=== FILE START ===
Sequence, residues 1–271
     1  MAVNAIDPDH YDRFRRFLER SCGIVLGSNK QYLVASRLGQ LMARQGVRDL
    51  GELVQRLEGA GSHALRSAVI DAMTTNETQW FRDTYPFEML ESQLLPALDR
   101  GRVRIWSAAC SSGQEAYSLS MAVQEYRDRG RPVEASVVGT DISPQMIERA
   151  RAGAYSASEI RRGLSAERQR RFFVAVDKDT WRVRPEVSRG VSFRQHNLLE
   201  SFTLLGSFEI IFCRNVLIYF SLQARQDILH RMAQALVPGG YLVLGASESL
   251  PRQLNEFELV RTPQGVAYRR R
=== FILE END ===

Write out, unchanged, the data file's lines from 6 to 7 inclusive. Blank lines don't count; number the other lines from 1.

   201  SFTLLGSFEI IFCRNVLIYF SLQARQDILH RMAQALVPGG YLVLGASESL
   251  PRQLNEFELV RTPQGVAYRR R